The choice to change my subjectivity produces for me a special personal responsibility I will then have toward the shifting particularity of truth at it regards social issues.  Along with the realization of truth as choice comes a special realization that I am responsible for my relationship with social issues. This is my particularity. Therefore, not just choice enters the realm of truth, but also responsibility for social issues. 

            In other words, circumscribed by what I know of social issues – the foundational stricture of my particular situation – a kind of involuntary (often unconscious) bracketing goes on between my introduction to socially value and the way I have learned to socially observe (both elements of our particular subjectivity).  It is in that involuntary sense that there does exist a correspondence between what I have learned and how I assess the truth of social issues, between particularity and social value.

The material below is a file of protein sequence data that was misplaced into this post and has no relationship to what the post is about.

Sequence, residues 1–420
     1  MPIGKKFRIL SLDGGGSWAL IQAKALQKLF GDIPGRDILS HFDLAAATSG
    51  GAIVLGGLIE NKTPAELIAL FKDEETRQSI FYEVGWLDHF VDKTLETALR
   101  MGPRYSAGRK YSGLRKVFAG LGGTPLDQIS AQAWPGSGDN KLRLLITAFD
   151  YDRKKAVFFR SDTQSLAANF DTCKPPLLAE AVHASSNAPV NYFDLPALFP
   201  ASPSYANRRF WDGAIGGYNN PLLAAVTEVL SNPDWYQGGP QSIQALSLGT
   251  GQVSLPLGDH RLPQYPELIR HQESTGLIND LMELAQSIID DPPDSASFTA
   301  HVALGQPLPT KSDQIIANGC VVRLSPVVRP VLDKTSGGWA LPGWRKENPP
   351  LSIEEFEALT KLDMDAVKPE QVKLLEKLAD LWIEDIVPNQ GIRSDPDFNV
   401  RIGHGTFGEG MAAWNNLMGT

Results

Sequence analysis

All-in-all, riding on the shifting platform of changing context I bear a great deal of responsibility for not just my relationship with truth, but for what is truth-value, and how that value plays out in my understanding of social issues. This seems a strange and awkward and frightening position, to say that the truth of social issues depends on our adopted values, which within the particularity of time and place is largely our choice.  This as it regards our objectivity and is therefore particular to our context.  Understanding this, the particularity of our situation, will have great impact on our reading of truth-value in social issues.    


[1] I use the term ‘objective’ throughout this paper to indicate the world of objects existing outside and independent of our internal cognitive processes. 

[2] For example, for a detailed summation of the subject, see Frederick Schmitt, Truth, A Primer,  Westview Press, (Boulder, 1995)

[3] For the professional philosopher, note that I am conspicuously avoiding terms like idealist and realist, or metaphysical and physical.

[4] The use of the word ‘property’ is merely a convenient descriptive noun that allows us to handle aspect of ‘truth’ with expediency.  There is no intent to imply ownership.

[5] For example, see Charles Fried, Right And Wrong, Harvard University Press, (Cambridge, 1978), especially the chapter: “On Lying.”

[6] Ludwig Wittgenstein, On Certainty,  Harper Torchbook, (New York, 1972) p. 36 (sec. 282)